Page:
Ernesto Guerrero, 23, escaped being kidnapped during the Sept. 26 attack. “I have faith that God is keeping them alive,” he said of his missing classmates, “and I’ll live with this certainty until someone can show me otherwise.”
Diana Ferrero

With hundreds of federal police now patrolling Iguala, people don’t seem to feel much safer. “We live in fear and don’t even go out at night,” said a young woman who identified herself as Amalia. She whispered, looking around with suspicion every time someone approached. She said the city has had checkpoints for years, but those were often used to extort or kidnap people. Once, she said, she was out with friends when a local police patrol stopped them and forced them into their vans. “We weren’t doing anything wrong. We didn’t even have a drink that night,” she said. When they got to the police station, each woman was asked to pay $50 to be released.

“The police who are supposed to protect us are really here to rob us. They’re just criminals dressed in police uniform,” she said, adding that she knows at least seven people who have been disappeared. None of them have been found.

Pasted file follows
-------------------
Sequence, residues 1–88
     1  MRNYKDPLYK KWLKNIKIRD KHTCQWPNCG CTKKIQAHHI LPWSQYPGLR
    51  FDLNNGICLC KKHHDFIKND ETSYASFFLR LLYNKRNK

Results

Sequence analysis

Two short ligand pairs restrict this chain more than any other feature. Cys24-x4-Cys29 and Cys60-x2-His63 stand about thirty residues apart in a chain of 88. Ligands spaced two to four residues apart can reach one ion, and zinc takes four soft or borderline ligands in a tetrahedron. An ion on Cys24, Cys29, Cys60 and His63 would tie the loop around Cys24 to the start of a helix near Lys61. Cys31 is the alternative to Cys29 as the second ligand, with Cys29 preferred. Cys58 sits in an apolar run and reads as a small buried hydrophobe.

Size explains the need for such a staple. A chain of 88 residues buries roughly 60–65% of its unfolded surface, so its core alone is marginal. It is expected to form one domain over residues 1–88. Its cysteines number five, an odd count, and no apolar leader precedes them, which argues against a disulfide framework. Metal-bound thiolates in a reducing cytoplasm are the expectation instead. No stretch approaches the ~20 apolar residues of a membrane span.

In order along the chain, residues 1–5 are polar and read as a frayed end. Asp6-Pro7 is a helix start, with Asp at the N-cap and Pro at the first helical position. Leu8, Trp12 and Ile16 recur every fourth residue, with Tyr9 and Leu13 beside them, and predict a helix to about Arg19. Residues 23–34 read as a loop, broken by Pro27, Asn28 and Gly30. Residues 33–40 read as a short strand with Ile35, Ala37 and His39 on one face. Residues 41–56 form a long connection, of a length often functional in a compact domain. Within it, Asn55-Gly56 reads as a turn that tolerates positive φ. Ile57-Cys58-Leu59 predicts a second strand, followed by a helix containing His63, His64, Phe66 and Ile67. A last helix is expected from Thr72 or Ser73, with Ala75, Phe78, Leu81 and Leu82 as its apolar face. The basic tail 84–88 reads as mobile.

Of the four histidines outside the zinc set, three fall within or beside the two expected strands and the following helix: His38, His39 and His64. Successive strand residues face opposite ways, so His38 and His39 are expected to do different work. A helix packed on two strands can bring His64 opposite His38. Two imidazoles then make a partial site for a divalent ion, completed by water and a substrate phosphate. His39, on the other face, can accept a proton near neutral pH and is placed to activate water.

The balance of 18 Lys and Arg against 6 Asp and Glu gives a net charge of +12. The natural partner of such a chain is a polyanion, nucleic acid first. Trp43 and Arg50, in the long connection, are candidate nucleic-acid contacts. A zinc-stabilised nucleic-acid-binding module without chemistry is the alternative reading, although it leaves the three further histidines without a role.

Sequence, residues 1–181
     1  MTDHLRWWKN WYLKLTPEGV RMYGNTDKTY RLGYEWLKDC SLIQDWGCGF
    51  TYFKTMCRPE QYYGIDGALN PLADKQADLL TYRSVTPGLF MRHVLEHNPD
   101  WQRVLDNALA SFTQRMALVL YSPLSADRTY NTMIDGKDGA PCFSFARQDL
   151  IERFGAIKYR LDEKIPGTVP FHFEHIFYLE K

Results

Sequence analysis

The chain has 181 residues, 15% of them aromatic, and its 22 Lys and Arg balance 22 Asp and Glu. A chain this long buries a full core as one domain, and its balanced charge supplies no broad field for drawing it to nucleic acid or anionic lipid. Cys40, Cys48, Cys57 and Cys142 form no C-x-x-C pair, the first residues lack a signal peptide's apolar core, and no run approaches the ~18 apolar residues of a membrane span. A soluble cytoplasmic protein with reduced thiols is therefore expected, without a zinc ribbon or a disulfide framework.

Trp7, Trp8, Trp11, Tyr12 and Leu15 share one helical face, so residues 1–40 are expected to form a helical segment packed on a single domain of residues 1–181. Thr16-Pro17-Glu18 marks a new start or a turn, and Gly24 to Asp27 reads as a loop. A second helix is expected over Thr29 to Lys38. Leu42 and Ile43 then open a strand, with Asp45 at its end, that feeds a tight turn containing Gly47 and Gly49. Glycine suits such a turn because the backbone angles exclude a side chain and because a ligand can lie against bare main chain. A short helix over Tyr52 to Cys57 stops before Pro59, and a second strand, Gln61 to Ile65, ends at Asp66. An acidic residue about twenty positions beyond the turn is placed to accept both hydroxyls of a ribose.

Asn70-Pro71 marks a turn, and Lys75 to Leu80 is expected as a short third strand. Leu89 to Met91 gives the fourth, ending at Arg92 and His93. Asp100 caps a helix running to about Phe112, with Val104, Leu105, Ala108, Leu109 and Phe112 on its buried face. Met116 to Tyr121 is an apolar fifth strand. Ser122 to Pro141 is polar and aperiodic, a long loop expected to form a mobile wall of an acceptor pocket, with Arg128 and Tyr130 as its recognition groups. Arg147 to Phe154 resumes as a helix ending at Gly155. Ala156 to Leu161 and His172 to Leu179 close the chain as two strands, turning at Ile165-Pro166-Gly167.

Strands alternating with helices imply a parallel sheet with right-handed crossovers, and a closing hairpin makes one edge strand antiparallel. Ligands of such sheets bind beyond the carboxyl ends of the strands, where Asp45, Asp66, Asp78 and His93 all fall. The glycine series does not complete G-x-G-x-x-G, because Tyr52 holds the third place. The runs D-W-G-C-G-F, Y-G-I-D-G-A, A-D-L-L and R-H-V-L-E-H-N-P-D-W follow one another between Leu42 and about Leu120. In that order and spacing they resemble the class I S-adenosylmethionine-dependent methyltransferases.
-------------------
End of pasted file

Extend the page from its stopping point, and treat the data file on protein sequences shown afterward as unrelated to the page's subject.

At the teaching school, the only people around on a recent day of protest were some students and mothers who stayed behind to look after their babies.

Maria Olivares, 40, has been sleeping on a mattress in the school dorm since her 20-year-old son, Antonio, disappeared with the others. “I’ll stay here until my son comes back. I know he’s alive,” she said while breastfeeding her baby, the last of her four boys.

Olivares attended the meeting that the victims’ families had on Oct. 29 with Peña Nieto, but like the other parents, she has no faith in his promises to find the students and those responsible for taking them. Still, she refuses to believe her son could be dead.

“Why are they searching for them in mass graves? They should look for them alive, up in the mountains, in tunnels, caves and abandoned shacks where the criminal gangs could be hiding them. Instead, they just wander around town,” she said, speaking of the federal authorities. “Of course they’ll never find them this way.”